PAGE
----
If you’re experiencing low back pain, tight hip flexors could be a contributing factor. Of course, targeting the exact cause of low back pain is notoriously difficult because it is so prevalent among adults.
Hip flexors may not be related to sudden low back pain although they certainly can be. Other muscles can be proximate causes of that low back pain, particularly weak glutes or tight hamstrings. In the human body, muscles take over for each other when possible to keep us working post muscle fatigue or injury. So weak hip flexors, glutes, core muscles, or hamstrings could be causing that lower back pain.
Since the rectus femoris and sartorius are both active on the knee as well as the hip joint, knee pain can also be a sign of weak hip flexors. The presence of both tightness at the hip and pain in the knee could be a sign that the hip flexor muscles are weak or injured. Hip pain or a decreased range of motion at the hip joint are the clearest and most common signs of tight hip flexors. While some serious cases could require physical therapy or other medical attention, minor hip flexor tightness could go away with the right stretches.
5 Best Hip Flexor Stretches
Research has shown that stretching your hip flexors for 120 seconds or less has a positive impact on your balance and jump performance.
Try doing one or two of these stretches to improve your athletic performance and relieve tight muscles on the front of your hip, side of your knee, or near your quadriceps.
1. Butterfly Stretch
You might remember this classic stretch from gym class. It’s great for opening up the inside of your hips, an area that isn’t easy to target with very many other exercises.
To get into the starting position and run through the stretch, follow these steps:
- Sit down on the floor (or on a yoga mat) and put your feet together so that your soles are flat against one another and you have both knees bent.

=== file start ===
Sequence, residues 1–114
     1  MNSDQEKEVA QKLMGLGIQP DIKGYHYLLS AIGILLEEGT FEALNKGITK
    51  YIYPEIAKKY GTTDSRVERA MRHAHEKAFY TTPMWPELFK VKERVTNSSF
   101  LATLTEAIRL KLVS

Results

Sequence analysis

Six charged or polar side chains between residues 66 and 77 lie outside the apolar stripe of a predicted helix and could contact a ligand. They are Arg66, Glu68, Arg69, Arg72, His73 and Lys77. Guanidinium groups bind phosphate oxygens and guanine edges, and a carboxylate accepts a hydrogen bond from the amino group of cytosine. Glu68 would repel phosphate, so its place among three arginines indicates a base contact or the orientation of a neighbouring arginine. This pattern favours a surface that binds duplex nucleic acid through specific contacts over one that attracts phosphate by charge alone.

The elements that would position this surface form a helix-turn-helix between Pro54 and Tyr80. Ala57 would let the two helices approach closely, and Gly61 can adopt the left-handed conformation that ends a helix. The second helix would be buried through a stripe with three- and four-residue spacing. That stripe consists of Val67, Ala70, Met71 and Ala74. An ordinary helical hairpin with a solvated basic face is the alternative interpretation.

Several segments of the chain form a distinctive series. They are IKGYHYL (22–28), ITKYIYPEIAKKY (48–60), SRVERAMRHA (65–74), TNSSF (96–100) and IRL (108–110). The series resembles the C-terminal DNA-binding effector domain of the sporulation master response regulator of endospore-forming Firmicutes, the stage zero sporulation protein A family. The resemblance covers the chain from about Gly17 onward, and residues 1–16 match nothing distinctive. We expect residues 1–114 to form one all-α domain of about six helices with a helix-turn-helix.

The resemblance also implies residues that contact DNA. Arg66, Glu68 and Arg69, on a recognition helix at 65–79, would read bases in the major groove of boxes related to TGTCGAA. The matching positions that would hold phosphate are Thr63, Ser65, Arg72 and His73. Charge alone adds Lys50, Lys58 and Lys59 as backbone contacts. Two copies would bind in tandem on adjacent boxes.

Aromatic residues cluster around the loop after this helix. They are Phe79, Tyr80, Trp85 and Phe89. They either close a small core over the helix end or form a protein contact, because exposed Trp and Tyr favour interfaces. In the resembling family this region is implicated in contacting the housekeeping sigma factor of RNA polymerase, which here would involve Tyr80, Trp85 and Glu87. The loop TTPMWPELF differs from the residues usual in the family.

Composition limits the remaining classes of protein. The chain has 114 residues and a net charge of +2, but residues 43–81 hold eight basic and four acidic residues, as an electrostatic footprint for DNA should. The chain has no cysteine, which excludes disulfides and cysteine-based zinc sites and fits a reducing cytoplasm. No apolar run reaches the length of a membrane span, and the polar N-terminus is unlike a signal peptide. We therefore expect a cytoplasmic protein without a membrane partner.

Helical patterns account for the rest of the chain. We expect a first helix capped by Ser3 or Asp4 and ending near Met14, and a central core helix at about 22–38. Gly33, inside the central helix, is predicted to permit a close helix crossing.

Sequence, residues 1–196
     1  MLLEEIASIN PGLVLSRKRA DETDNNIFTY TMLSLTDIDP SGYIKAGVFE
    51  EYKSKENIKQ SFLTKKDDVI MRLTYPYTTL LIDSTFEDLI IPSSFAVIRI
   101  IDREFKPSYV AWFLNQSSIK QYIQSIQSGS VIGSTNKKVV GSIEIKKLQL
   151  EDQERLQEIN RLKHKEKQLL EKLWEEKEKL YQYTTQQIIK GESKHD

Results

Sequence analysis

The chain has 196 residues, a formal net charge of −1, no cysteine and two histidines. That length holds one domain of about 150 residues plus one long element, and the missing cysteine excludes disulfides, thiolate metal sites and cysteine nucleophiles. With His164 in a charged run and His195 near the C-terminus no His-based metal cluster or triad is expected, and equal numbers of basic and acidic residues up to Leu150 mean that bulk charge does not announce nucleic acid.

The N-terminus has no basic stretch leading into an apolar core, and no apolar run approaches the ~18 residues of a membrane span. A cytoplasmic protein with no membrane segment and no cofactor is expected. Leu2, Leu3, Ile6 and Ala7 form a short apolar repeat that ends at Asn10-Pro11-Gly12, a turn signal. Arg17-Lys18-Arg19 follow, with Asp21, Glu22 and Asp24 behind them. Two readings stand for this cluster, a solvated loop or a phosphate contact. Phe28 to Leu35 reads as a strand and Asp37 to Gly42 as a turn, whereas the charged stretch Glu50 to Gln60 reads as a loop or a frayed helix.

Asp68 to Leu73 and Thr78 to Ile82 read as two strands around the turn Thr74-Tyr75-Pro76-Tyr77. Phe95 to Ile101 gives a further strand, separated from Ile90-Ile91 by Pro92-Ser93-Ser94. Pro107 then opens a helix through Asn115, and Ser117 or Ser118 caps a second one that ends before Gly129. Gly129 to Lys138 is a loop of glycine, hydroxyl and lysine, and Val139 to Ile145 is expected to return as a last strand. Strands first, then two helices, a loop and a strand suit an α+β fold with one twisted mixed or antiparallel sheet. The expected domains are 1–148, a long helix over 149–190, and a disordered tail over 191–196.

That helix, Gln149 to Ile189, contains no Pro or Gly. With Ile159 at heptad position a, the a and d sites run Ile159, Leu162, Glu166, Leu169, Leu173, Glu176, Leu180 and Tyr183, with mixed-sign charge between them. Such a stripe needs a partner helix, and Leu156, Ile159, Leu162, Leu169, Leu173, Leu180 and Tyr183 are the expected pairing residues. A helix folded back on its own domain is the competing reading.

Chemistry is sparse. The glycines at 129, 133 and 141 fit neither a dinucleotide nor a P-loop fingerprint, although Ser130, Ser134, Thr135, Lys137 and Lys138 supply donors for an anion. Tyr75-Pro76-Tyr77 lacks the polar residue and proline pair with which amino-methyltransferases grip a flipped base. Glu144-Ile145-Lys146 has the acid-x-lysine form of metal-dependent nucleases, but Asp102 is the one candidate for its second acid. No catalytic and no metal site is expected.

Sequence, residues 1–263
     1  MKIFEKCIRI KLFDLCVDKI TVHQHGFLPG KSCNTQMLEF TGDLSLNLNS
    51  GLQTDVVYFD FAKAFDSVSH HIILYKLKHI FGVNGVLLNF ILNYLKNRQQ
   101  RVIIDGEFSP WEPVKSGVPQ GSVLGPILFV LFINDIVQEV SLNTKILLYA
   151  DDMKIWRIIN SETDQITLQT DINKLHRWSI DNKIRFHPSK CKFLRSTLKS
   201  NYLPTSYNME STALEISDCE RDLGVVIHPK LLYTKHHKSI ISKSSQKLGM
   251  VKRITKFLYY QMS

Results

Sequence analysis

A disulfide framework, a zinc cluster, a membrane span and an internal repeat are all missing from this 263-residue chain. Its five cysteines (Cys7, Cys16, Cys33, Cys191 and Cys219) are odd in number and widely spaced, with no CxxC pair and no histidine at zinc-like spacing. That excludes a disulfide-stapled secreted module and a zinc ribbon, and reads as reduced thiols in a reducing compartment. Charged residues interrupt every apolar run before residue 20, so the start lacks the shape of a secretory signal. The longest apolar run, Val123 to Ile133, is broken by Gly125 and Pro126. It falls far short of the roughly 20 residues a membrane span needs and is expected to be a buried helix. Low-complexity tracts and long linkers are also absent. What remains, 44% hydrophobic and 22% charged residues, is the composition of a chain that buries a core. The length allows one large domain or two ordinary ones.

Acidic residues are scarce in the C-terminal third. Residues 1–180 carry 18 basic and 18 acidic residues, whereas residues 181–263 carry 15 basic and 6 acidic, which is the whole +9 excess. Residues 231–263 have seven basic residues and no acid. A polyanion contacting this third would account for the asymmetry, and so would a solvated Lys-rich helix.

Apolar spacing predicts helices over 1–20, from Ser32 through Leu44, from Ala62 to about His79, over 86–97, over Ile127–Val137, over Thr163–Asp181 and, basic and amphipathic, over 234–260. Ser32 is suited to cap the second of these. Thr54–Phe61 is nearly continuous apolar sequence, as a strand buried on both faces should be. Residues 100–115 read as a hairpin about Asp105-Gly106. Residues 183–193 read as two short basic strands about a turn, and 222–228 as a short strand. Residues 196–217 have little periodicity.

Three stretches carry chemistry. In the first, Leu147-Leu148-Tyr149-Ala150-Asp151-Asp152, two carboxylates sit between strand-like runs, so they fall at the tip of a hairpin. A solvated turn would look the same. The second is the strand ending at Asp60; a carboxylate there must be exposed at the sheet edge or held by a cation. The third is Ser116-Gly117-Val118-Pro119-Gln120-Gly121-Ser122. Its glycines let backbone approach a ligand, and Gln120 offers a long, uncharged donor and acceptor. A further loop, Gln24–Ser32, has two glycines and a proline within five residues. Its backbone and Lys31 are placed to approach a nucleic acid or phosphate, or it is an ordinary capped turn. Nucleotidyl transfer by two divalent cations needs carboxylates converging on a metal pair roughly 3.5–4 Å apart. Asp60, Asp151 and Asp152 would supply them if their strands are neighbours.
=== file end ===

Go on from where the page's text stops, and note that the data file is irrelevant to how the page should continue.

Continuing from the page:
- Next, pull your feet in toward your body until they’re as close as they can comfortably be.
- Put both hands over your toes and then lean your torso forward until you feel the stretch. Hold this position for 20 seconds maximum or as long as possible.
2. Seated Straight Leg Raise
If your hip flexors are weak to start with, this exercise could be challenging. Once you get the hang of it, though, the seated straight leg raise is a great stretch that can be performed almost anywhere.
Here’s how to do a seated leg raise:
- Sit on the ground with your back straight against a wall if you need extra support. Otherwise, you can sit on a yoga mat without anything behind you.
- Bend your left leg so your left foot is flat on the ground. This will protect your lower back during the stretch.
- Pull the toes on your right foot back toward your body and then lift the right leg off the ground. Hold it for a second or two and then return to the starting position.
- Remember to do the same number of reps on the right and left leg to stretch the hip muscles on both sides of your body. Aim for 5 - 8 reps when you first start out.
3. Lunge Twists
Add a torso twist to the classic lunge exercise and you can target your hamstrings, glutes, and hip flexors at the same time. It’s also a great way to stretch out those hip flexors to whatever degree you need.
Here’s how to do lunges with a twist:
- Start from a standing position. Take a big step forward with your left foot and then bend your left knee to a 90-degree angle. To accommodate this motion, you’ll have to bend your right knee as well. It should hover just above the ground behind you.
- Make sure you keep your back straight and lean your torso forward ever so slightly to get the right form. You should feel a stretch in your hamstrings and glutes.
- For more stability, place your right hand on the outside of your left knee. Twist your torso to the left. If you can, put your left hand on the back of your right leg or on the right glute. Hold that position for a few seconds and then reverse the steps to get back into the starting position.